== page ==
The seroepidemiology of primary varicella-zoster virus infection in Flanders (Belgium)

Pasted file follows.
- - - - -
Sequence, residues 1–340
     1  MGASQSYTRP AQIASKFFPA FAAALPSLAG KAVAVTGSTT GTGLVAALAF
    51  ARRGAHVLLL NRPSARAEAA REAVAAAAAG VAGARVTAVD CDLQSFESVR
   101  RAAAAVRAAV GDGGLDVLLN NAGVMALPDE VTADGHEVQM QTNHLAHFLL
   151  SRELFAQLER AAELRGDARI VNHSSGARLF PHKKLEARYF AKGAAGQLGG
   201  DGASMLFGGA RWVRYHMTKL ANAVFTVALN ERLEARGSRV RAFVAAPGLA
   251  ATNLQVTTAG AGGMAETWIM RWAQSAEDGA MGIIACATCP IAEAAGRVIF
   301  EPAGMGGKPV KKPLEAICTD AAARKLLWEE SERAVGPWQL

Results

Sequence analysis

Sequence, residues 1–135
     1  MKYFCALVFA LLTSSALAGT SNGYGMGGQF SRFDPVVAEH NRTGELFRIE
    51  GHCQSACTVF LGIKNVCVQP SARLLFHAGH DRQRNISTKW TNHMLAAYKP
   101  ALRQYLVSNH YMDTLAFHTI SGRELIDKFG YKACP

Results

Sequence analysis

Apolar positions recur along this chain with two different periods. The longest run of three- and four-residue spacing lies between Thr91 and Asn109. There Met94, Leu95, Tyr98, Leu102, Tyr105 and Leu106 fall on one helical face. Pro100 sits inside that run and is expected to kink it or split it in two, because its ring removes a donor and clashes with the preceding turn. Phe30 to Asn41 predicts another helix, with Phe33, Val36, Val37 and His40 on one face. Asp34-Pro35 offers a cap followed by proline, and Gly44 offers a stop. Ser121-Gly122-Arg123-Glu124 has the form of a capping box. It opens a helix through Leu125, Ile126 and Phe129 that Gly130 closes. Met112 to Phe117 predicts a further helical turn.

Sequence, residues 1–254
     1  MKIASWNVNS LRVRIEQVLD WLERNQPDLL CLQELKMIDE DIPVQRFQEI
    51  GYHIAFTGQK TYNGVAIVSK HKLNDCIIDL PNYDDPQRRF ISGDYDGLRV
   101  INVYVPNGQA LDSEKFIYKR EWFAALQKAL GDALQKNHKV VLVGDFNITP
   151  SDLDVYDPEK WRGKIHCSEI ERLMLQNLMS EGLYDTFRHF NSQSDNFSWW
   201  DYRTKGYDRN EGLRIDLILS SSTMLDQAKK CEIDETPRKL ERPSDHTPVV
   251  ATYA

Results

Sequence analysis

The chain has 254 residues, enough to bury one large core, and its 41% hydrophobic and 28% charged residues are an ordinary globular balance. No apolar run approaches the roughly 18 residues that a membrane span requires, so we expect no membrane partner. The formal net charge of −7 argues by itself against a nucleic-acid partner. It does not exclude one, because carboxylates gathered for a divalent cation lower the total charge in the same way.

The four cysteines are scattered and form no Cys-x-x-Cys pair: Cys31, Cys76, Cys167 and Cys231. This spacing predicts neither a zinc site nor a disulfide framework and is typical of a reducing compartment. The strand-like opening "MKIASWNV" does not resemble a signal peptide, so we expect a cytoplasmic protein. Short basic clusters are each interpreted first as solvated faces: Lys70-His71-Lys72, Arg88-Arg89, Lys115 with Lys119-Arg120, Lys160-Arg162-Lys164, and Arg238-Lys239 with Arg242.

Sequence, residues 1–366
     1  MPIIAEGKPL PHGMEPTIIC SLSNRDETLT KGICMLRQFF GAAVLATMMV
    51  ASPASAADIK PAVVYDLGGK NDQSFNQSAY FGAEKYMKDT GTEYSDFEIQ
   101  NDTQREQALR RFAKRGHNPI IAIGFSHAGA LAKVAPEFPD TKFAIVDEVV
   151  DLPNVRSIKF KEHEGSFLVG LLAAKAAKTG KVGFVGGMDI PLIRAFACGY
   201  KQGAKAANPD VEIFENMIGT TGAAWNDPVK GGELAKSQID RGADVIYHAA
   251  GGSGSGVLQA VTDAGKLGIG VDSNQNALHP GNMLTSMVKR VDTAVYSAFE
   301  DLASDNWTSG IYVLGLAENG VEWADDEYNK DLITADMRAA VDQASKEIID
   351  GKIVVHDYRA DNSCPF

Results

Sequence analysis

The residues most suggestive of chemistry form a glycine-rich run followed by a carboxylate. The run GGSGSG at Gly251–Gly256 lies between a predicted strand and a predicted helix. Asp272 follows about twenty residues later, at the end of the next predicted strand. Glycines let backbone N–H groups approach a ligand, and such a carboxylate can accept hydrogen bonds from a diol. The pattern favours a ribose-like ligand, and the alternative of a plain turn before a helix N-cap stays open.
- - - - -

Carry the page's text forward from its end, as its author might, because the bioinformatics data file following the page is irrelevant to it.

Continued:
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The age-specific seroprevalence of varicella-zoster virus (VZV) antibodies was assessed in a sample of the Flemish (Belgian) population. ELISA tests were used to analyse 1673 sera from subjects aged 1 to 44 years (October 1999 – April 2000). Chickenpox infections in Flanders appear to affect children at a younger age than in other European countries since 47.37% (95% CI: 37.33–57.41) is already immune at 2 years of age. For older age-groups, the prevalence is similar to that of most European countries: 80.19% (95% CI: 72.60–87.78) at 5 years, 92.52% (95% CI: 87.54–97.51) at 9 years and 100%≥40 years. The accuracy of non-positive recollections of varicella histories among Flemish 10 to 17-year olds was examined on the basis of a second (residual) serum bank. In this group, VZV seroprevalence was almost always 100% (or nearly 100%), irrespective of age, degree of reliability (negative or uncertain answers) or level of ascertainment (child personally or parents). The limited size of this second data set did not allow for an accurate assessment of the negative predictive value of such recollections. Conclusion: since varicella-zoster virus predominantly affects very small children and is generally perceived as benign, the required high coverage rate of a universal childhood varicella vaccination programme may be hard to attain. Adolescent strategies can minimise the population risks involved but the accuracy of non positive antecedents of chickenpox needs to be documented to assess the efficiency of such strategies.
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